• Poppy Grady

Trapped on Acker Island - Chapter 2

Updated: Jan 14, 2020

From the top of the cliff drop, she could see the entire town. The old houses and buildings were painted in many colors, bright yellows, blues, reds, even pink. It was an explosion of color as they gently cascaded from the top of the mountain down towards the ocean below, where they were met with marinas, docks, shops and a beautiful beach.

She took the first left as instructed and slowly descended down towards the water. She passed old colonial and Victorian homes, each more beautiful than the last. Every home was meticulously cared for with fresh paint in vibrant or pastel colors, intricate trim and buttoned up landscaping. Even their lighting was well thought out with lanterns and posts adorning every well-decorated porch and doorway. How could each and every home look so masterful?

In awe, she continued down the road until she saw what looked like a town center about half-way down the hill. There was a flat area before the hill descended again. On the flat area was a very large park, lush and green, with a gazebo in the middle. Harper saw a sign that read “J. Acker Hall” with an arrow. She took the right and saw the building on her right, facing the park and the ocean below. It was nothing like she had expected.

When Harper heard the word “hall,” she pictured something like an American Legion hall – a plain, half-kept building with one big room, an outdated floor and a small kitchen. But this? This isn’t a hall. This is a mansion. A castle. A mansion-castle.

It was made of brick and had many sections of building with their own pointed roofs, all nestled together in one long row. The windows were framed in old curved wood with carvings in it. It had many chimneys and lush, manicured bushes along the front.

She pulled up to the front circular drive and a man came out to greet her. “I’m with the caterer; you need a hand?”

“Oh yes, thank you.” Harper got out and opened the back of the van. “This place is beautiful.”

“Yeah, it is. How ‘bout I take this end? I’ll lead you through to the ballroom.”

They walked through wide hallways adorned with paintings of people and landscapes and some looked very old. Workers were scurrying around getting everything just right. Someone holding a large flower arrangement whisked by and someone pushing a cart full of delicate china pulled over to let them go ahead.

The ballroom doors were propped open for people to get things set up with ease. They carried the cake over to a small table with a long, white tablecloth in the corner of the room.

“That will keep it out of the way for now. We’ll wheel it into position later.” The caterer said.

“Okay, well, thanks for your help. Are you the one who signs my slip or is there a manager?” Harper asked.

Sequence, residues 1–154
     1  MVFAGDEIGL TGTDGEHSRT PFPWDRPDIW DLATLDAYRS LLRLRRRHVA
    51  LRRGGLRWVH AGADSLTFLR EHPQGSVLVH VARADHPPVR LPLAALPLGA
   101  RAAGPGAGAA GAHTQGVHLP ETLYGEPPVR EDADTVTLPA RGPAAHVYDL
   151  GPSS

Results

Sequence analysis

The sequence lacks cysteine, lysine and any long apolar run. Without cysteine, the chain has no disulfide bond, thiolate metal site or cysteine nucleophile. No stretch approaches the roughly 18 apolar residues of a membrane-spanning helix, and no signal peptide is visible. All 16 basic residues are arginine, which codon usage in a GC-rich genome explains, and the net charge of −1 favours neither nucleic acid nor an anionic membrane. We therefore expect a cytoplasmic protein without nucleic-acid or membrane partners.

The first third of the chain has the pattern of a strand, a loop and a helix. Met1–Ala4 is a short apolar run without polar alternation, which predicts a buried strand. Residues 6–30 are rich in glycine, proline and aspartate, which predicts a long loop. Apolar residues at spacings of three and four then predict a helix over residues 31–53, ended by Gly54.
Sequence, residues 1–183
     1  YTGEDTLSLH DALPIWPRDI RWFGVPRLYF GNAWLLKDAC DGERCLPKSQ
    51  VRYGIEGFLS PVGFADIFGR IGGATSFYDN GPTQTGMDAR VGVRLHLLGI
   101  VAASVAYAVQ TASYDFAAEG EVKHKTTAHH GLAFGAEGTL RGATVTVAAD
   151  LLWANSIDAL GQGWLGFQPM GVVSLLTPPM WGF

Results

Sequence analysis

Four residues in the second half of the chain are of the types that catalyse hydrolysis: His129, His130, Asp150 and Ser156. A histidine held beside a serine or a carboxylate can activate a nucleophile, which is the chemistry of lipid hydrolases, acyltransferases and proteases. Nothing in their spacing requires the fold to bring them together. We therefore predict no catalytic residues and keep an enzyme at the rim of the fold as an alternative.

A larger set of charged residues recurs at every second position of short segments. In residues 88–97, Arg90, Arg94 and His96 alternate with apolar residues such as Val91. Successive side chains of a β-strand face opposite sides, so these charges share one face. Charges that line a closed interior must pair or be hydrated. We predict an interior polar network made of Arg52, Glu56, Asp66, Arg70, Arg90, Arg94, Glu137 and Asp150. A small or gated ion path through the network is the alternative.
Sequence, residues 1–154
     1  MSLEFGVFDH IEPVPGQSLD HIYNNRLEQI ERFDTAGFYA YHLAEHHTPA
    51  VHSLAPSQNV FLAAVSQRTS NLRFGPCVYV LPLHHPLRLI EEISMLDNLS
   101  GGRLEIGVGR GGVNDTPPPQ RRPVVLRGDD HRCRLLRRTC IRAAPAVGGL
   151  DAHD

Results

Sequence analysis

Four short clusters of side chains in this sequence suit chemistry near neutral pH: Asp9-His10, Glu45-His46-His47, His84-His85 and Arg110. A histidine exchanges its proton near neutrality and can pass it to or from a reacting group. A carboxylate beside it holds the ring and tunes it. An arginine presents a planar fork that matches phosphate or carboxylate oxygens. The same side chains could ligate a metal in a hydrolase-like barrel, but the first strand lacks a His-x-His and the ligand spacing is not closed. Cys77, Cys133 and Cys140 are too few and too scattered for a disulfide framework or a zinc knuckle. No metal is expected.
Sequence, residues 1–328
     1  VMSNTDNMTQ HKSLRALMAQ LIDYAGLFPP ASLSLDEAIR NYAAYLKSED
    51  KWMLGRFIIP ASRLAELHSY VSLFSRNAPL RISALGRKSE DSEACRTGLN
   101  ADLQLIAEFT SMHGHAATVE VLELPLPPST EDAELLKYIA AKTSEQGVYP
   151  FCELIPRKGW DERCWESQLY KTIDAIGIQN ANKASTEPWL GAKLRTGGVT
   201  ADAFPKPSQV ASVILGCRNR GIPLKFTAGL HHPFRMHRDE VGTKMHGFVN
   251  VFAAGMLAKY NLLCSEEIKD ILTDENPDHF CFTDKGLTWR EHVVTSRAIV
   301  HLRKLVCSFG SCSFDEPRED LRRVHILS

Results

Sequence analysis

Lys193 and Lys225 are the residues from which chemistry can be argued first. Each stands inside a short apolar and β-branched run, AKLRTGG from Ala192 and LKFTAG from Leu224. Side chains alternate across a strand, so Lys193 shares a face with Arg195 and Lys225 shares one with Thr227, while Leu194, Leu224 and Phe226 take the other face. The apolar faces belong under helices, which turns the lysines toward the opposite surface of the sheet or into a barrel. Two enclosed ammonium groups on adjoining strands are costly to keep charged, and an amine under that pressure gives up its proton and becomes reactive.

“Oh no, that’s for Mrs. Acker. I’ll go see if I can find her.”

As he rushed off to find her, Harper had a feeling Mrs. Acker must be someone of great importance, if nothing than by the name itself.

A few moments later, the caterer came back in and pointed towards Harper. Behind him emerged a small, old lady. She had to be in her nineties. She was wearing a long, yellow dress with embroidery on it. Her gray hair was up in a bun. She approached Harper, smiled and put out her hand.

“Hello my dear; I’m Rose Acker.”

Harper recognized her from the shop. “Oh yes, Rose! You came in and ordered the cake.” She had used the bride's name, not her own.

“Yes, I've become known as a bit of an expert on our little island here. For some reason I'm able to choose the perfect wedding cake for every wedding. The brides have started a tradition of trusting me with the job. I really do love it, even if it may be because they pity the old lady who's feeling less significant by the day."

"Oh no," Harper tried to console.

Rose waived her hand and changed the subject. "The boy said I need to sign your slip taking receipt of the cake.”

“Please, if you don’t mind. You can’t imagine the stunts some people will pull if I don’t have this signed.”

The old woman smiled and patted Harper's arm. She looked over at the cake. “Stunning. Much like yourself, my dear.”

Harper felt unease. She was the furthest thing from stunning that day. While she’s a beautiful woman on most days, in her thirties with long chestnut hair and blue eyes, on this day she was in jeans, a dirty bakery shirt and sneakers. Her hair was in a high ponytail and her makeup was barely there.

“Oh please, I look terrible.”

“Not to worry,” Rose started, “We have people to help you with that.”

“Huh?” Harper was confused. She expected to drop off the cake and leave straight away. Usually, the caterer will take care of the cutting and serving. There was never a need to stay.

“Come, I’ll take you to the salon and Ellen will find you a dress.” Harper realized Rose expected her to stay for the wedding.